What is Article 370?

By Nasir Mahmood

In 1947 British Colonial rule came to an end in the Subcontinent. Two separate nations were formed Pakistan & India. The partition as it is known was based on principle that all Muslim majority areas will be part of Pakistan and Hindu majority areas will become part of India. However, British left the issue of Kashmir unresolved. It was a Muslim dominated princely state ruled by Maharaja Hari Singh. The Maharaja decided to join India against the will of his people and the principles of the partition. He then negotiated a special provision which was added to India’s constitution providing autonomy to Jammu and Kashmir. Article 370 as it is known allows the state of Kashmir to have its own constitution, flag and independence over all matters except foreign affairs, defence and communications. One more provision later added under Article 370 was 35A. The 35A provides special privileges to original and permanent residents, including state government jobs and the exclusive right to own property in Kashmir. It was protecting the state’s distinct demographic character as the only Muslim-majority state in India.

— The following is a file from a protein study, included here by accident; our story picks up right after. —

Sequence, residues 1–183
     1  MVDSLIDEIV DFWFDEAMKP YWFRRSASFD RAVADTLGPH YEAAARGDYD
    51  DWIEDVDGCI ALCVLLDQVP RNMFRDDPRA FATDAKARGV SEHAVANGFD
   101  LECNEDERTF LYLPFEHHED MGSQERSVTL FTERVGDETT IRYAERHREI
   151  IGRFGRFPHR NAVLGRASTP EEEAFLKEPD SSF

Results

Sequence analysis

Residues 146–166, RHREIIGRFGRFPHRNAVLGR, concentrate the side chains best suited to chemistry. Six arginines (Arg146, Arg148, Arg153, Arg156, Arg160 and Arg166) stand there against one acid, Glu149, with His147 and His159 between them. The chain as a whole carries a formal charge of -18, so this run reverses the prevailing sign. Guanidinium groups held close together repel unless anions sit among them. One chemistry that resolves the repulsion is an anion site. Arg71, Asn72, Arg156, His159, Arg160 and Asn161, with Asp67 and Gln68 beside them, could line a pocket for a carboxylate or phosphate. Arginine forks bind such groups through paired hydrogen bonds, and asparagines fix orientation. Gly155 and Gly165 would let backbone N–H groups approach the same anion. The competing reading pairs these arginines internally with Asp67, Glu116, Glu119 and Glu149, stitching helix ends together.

It is pertinent to further research that India is the only country in South Asia which has border disputes with majority of its neighbours including China, Pakistan, Nepal, Myanmar and irregular border issues with Bhutan, India is the only country in South Asia which has sent its forces in neighbouring countries including Sri Lanka 1987 to 1990, East Pakistan now Bangladesh 1970-1971. Indian army invaded and occupied Kashmir in 1949. In Bhutan making it effectively a ‘protectorate’ of India. It has history of illegal interference in internal matters of Nepal, Bhutan, Myanmar, Sri Lanka and Pakistan.

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